American Congress announces Palestinian motto as ‘anti-Sematic’

(MENAFN) In a significant move, the United States House of Representatives voted on Wednesday to denounce the chant "from the river to the sea, Palestine will be free" as hate speech. The slogan, originating from the 1960s, advocates for the establishment of a Palestinian state spanning from the Jordan River to the Mediterranean Sea. However, Israel contends that this call implicitly denies its right to exist in the same territory.

Congressman Josh Gottheimer, one of the sponsors of the resolution, emphasized the resolution's stance on the slogan's anti-Semitic nature, asserting that it advocates for the complete eradication of the Jewish, democratic state of Israel and the annihilation of the Jewish people. Gottheimer, alongside New York Republican Anthony D’Esposito and Florida Democrat Jared Moskowitz, underscored Congress's responsibility to condemn divisive and dehumanizing chants while combatting prejudice and hate.

The resolution garnered significant support, with 377 votes in favor and only 44 opposed.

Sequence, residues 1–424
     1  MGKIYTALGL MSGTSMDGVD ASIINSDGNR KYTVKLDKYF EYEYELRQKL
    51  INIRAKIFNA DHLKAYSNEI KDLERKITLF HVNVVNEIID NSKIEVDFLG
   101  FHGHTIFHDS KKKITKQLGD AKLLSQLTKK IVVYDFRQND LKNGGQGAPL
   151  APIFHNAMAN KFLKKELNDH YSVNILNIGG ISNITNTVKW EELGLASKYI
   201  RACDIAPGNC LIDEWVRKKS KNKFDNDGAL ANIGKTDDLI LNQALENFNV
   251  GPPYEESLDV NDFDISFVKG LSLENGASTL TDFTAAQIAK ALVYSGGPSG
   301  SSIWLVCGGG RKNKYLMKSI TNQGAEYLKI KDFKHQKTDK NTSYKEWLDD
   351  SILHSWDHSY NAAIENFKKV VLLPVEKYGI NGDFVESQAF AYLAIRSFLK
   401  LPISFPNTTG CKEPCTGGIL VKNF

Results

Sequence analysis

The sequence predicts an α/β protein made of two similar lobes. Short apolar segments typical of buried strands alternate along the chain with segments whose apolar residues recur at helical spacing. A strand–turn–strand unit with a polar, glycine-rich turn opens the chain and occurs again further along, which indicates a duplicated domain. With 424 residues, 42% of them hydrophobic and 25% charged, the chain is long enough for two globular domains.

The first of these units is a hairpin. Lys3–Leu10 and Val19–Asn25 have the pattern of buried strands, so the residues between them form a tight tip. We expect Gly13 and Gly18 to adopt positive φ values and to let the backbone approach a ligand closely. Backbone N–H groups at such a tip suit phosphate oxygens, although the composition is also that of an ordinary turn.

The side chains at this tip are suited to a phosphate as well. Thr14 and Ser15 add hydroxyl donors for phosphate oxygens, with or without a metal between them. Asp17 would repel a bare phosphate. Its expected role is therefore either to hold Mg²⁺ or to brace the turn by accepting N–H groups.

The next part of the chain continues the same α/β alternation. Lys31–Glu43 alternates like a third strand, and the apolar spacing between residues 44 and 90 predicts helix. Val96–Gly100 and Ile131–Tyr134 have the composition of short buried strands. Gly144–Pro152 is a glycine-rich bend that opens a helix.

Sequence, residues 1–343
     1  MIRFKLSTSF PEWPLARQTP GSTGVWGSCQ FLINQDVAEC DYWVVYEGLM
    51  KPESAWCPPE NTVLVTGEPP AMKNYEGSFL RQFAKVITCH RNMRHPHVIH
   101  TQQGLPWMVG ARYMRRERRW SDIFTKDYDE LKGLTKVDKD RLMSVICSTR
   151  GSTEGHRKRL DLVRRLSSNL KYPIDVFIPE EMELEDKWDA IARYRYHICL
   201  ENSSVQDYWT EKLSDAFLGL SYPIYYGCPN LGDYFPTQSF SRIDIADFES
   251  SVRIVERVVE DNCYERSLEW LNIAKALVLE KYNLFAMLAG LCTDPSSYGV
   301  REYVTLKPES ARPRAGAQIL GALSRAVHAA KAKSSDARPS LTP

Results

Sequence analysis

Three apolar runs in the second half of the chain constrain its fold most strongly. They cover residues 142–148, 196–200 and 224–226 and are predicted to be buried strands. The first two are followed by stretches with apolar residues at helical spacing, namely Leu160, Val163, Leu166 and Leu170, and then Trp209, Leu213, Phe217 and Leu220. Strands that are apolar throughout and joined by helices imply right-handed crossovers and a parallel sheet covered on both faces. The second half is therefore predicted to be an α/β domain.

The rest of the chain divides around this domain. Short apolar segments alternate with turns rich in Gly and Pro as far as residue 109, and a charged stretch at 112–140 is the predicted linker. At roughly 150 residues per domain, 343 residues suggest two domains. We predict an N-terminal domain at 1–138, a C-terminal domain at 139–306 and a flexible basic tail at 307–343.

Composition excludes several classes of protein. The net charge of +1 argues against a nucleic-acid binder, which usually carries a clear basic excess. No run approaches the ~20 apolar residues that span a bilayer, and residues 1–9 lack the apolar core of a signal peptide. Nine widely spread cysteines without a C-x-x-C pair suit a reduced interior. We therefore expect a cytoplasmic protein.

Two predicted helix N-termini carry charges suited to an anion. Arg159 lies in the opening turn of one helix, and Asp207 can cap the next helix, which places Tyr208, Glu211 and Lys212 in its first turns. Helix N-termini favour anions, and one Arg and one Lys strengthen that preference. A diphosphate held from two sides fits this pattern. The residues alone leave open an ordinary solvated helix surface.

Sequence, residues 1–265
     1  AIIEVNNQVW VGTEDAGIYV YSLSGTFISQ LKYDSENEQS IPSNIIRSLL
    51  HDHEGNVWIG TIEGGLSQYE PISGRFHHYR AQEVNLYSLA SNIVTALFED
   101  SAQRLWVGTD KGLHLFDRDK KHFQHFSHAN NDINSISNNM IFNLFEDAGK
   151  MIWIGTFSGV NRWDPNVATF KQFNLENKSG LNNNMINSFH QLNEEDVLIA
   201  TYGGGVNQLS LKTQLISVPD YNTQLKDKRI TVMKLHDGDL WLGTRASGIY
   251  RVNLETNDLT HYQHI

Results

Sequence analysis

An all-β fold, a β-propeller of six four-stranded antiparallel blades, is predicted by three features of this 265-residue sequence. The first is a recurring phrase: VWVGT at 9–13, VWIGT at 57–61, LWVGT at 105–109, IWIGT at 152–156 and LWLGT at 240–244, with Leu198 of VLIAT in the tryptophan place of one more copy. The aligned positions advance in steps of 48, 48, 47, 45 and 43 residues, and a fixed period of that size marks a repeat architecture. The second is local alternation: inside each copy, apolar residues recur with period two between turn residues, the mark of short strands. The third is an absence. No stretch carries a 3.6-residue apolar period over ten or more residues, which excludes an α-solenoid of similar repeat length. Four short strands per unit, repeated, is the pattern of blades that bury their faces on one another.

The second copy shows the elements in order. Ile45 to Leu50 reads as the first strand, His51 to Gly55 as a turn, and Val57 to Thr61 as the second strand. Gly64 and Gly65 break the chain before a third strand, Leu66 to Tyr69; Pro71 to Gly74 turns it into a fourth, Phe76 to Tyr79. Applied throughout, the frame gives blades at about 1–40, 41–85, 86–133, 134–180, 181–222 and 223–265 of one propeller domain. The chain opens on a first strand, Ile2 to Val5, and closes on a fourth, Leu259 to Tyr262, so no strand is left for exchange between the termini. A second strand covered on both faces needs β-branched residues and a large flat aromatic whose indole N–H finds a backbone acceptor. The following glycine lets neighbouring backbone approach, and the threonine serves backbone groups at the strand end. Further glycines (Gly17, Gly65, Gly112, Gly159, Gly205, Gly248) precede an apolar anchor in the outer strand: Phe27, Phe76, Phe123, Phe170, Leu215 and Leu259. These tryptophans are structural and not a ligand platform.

Notably, Republican Thomas Massie of Kentucky was the sole dissenting vote, citing constitutional grounds. The remaining 43 nays primarily came from the "progressive" faction of the Democrats.

However, the resolution's passage has sparked debate surrounding free speech, as the first amendment of the United States Constitution prohibits Congress from enacting laws restricting freedom of speech, press, or assembly. With the absence of "hate speech" laws in the United States, the resolution raises questions about the boundaries of government intervention in speech deemed offensive or discriminatory.

Furthermore, the resolution's timing amidst the recent escalation of the Israeli-Palestinian conflict underscores the political complexities at play, particularly for the ruling Democrats.

Balancing support from both liberal Jewish constituents and Muslim immigrants, the Democrats face challenges navigating the domestic implications of the ongoing conflict.

The House's condemnation of the Palestinian slogan reflects broader discussions surrounding the boundaries of free speech, hate speech, and the role of government intervention in combating discrimination. As the debate unfolds, stakeholders across the political spectrum are grappling with the delicate balance between protecting free expression and addressing instances of bigotry and prejudice.



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